Before I get started on the story, I think it’s worth noting that this hefty volume has an interesting (ahem) ‘Foreweird’ by Michael Moorcock and an introduction by Ann and Jeff Vandermeer. Moorcock is, of course, well known in SF/F, though I have to admit that I’m far more familiar with his fiction than with any criticism that he has done. Ann and Jeff Vandermeer are also well worth listening to on the subject of weird fiction (or, indeed, any fiction). Plus, I urge you to read some of Jeff Vandermeer’s own novels. I know that not everyone is inclined to read forwards, but I think it is worth taking the time in this instance. Anyway… to the story.
One of the things that I was looking forward to before starting this was that though there are plenty of writers with whom I am familiar (Angela Carter, Franz Kafka, Gustav Meyrink, James Tiptree Jr. and so on…), there are many whose work I have, if that, only heard of in passing. Therefore Alfred Kubin’s The Other Side is one of the stories to which I was looking forward.
Kubin was noted for his paintings and drawings which were considered important examples of Symbolism and Expressionism. He also provided illustrations for Edgar Allen Poe. His story, The Other Side is an excerpt from a longer novel (of the same name) written in 1908. If I have a criticism of this it has little to do with the choice of story or the story itself. I just wish that there were more of it. I shall certainly be trying to track this one down.
The Other Side is set in a city named Pearl. The story opens with a sleeping sickness which, though never explicitly stated, seems to be linked with the political situation in Pearl. This is a dystopian work of weird literature. There is the sense that in succumbing to the embrace of sleep, the people can escape the oppressiveness of the city.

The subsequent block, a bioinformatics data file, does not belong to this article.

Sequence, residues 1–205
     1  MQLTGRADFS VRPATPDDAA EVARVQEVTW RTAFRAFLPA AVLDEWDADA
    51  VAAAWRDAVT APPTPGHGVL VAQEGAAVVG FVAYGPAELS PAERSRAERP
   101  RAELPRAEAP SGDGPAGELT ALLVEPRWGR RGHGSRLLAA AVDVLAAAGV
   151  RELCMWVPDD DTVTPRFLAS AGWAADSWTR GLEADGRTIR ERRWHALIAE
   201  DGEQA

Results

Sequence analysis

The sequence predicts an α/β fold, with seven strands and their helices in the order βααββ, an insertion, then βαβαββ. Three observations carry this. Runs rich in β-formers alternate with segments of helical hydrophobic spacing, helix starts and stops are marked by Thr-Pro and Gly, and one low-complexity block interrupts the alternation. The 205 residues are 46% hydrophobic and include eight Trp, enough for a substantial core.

The weirdness spreads its ragged wings further as the sleeping sickness allows a free reign to the animals of the Dream city and as folk awake to find that they are facing swarms of insects and, terrifyingly, many rabbits in their beds. The idea of the encroachment of the dream world into the real world reminded me a little of Gustav Meyrink’s Der Golem, which is, of course, no bad thing. Though I should note that this (along with most of Kafka’s work, with whom Kubin is compared) was published after The Other Side.
The story moves beyond this and the tearing down of the walls between realities is joined with what feels more like the destruction of reality itself as the fabric of the city – its bricks and mortar – begin to crumble away, The excerpt ends – tantalisingly – with the narrator recognising his own ephemeral nature and rushing to … well, we don’t really know.
Kubin’s entry in this anthology is clearly part of an excellent piece of art. Paul Smith’s piece on the full novel further whets my appetite (and helps to put the events of this excerpt into more of a context for me).
Despite it’s brevity and the hints that there is much more going on, this is a good start to the anthology. Onwards!
By the way, Maureen Kincaid Speller has started writing about The Weird, too. I suggest you check her pieces out.